Because the scale of these keyword trends varies from centuries to years, we posit that the explanation is not a normal distribution of independent response times but rather the diffusion of these words through social learning. Several of the words conform to the suggestion that there is a typical diffusion time of about 30–50 years, or a timescale “roughly equal to the characteristic human generational time scale” . A few words however, such as adaptation, precipitation, photosynthesis, and possibly temperature, appear to be diffusing on a scale of multiple generations. One difference, which may be important, is that we studied selected popular words that diffused en route to becoming popular, whereas Petersen et al.  looked at all words above a certain minimal threshold of usage, the majority of which may never have become popular. Future studies might explore whether there is a certain threshold of popularity where these lifespan dynamics change , .
These diffusions are visible in general usage, and so we are not suggesting that climate science itself is a fashion. We suggest that some of the core vocabulary of climate science becomes passé in public usage, even as the scientific activity may remain steady. A new keyword database of scientific discourse (arxiv.culturomics.org) shows the usage of these climate-science keywords in science does not show the same marked social-diffusion curves that we find in public/general usage represented by the Google Ngram database. This bears consideration as a factor (among the clear economic and other barriers) for why the social and political impact of the convincing climate evidence has been disappointing.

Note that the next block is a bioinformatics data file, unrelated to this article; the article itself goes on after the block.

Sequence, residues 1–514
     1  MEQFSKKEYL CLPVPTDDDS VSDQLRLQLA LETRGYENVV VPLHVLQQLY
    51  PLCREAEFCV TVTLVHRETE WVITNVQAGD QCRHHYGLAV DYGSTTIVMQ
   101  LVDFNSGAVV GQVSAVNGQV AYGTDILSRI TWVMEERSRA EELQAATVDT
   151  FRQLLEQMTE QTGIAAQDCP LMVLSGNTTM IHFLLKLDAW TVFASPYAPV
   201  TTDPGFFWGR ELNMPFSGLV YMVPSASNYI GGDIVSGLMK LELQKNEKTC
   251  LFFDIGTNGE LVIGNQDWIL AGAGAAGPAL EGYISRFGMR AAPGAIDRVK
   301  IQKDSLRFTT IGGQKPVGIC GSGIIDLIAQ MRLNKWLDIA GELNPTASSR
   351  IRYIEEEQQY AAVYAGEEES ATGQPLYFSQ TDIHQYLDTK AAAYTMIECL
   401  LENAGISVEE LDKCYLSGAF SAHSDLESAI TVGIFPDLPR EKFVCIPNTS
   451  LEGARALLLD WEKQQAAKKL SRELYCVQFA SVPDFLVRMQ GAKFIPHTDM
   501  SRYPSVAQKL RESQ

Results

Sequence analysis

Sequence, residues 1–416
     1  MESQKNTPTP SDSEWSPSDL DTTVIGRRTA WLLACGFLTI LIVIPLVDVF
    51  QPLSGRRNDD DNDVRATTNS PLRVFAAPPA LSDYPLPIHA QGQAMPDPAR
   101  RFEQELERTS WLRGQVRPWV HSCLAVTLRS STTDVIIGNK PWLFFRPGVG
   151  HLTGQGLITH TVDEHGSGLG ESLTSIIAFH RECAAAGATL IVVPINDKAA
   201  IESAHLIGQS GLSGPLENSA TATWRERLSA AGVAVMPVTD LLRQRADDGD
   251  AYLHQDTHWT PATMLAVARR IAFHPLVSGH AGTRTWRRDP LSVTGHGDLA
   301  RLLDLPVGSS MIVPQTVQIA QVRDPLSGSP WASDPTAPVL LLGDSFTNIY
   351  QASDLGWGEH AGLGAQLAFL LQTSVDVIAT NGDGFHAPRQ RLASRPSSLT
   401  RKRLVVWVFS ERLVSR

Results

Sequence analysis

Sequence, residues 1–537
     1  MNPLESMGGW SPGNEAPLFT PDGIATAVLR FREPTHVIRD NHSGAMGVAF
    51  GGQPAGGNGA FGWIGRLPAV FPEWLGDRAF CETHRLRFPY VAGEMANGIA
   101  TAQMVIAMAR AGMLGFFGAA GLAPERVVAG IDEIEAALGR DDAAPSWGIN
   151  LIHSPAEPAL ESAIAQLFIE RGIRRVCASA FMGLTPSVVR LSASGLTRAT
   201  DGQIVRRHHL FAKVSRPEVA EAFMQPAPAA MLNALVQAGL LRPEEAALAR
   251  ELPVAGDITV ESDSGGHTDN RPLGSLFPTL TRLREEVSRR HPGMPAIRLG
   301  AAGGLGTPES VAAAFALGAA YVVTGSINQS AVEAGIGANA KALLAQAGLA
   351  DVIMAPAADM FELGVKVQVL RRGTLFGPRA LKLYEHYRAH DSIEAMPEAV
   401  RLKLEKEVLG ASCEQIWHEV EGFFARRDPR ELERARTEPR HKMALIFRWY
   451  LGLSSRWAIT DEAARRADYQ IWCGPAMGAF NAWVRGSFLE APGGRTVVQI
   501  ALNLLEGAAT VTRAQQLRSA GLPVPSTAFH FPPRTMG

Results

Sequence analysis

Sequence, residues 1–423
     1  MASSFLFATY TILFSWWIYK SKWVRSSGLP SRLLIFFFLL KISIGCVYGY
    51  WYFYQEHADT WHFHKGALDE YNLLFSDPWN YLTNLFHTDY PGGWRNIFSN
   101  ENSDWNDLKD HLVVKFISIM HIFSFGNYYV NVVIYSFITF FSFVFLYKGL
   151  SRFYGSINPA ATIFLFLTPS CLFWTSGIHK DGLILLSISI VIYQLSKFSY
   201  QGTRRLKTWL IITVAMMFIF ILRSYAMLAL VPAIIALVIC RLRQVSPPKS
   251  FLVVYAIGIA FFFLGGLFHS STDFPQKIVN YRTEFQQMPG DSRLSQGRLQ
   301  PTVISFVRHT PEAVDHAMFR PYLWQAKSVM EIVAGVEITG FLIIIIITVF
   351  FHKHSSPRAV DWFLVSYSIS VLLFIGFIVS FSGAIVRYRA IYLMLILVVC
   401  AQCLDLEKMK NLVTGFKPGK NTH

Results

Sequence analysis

The model is widely applicable. In fact, our original motivation for this case study was in observing that the simple model of equation (2) fits the coming and going of many of the fashionable words that Michel and colleagues  used as examples. There clearly appear to be words with high , which rise and fall as symmetric waves, such as feminism or global. Also, there are words with low , which rise very quickly after an event and then decline exponentially. The best examples of this are the names of a calendar year (“1883,” “1910,” “1950”), which follow the low pattern, starting just after the named calendar year . Some words rise with good fit to the social-diffusion pattern but then persist without declining, presumably because they acquire a basic function in the language. These include useful technologies or scientific discoveries, such as DNA, telephone, and radio . The word radio, for example, shows a fashionable rise during the initial stage but then settles into the more stable, functional stage.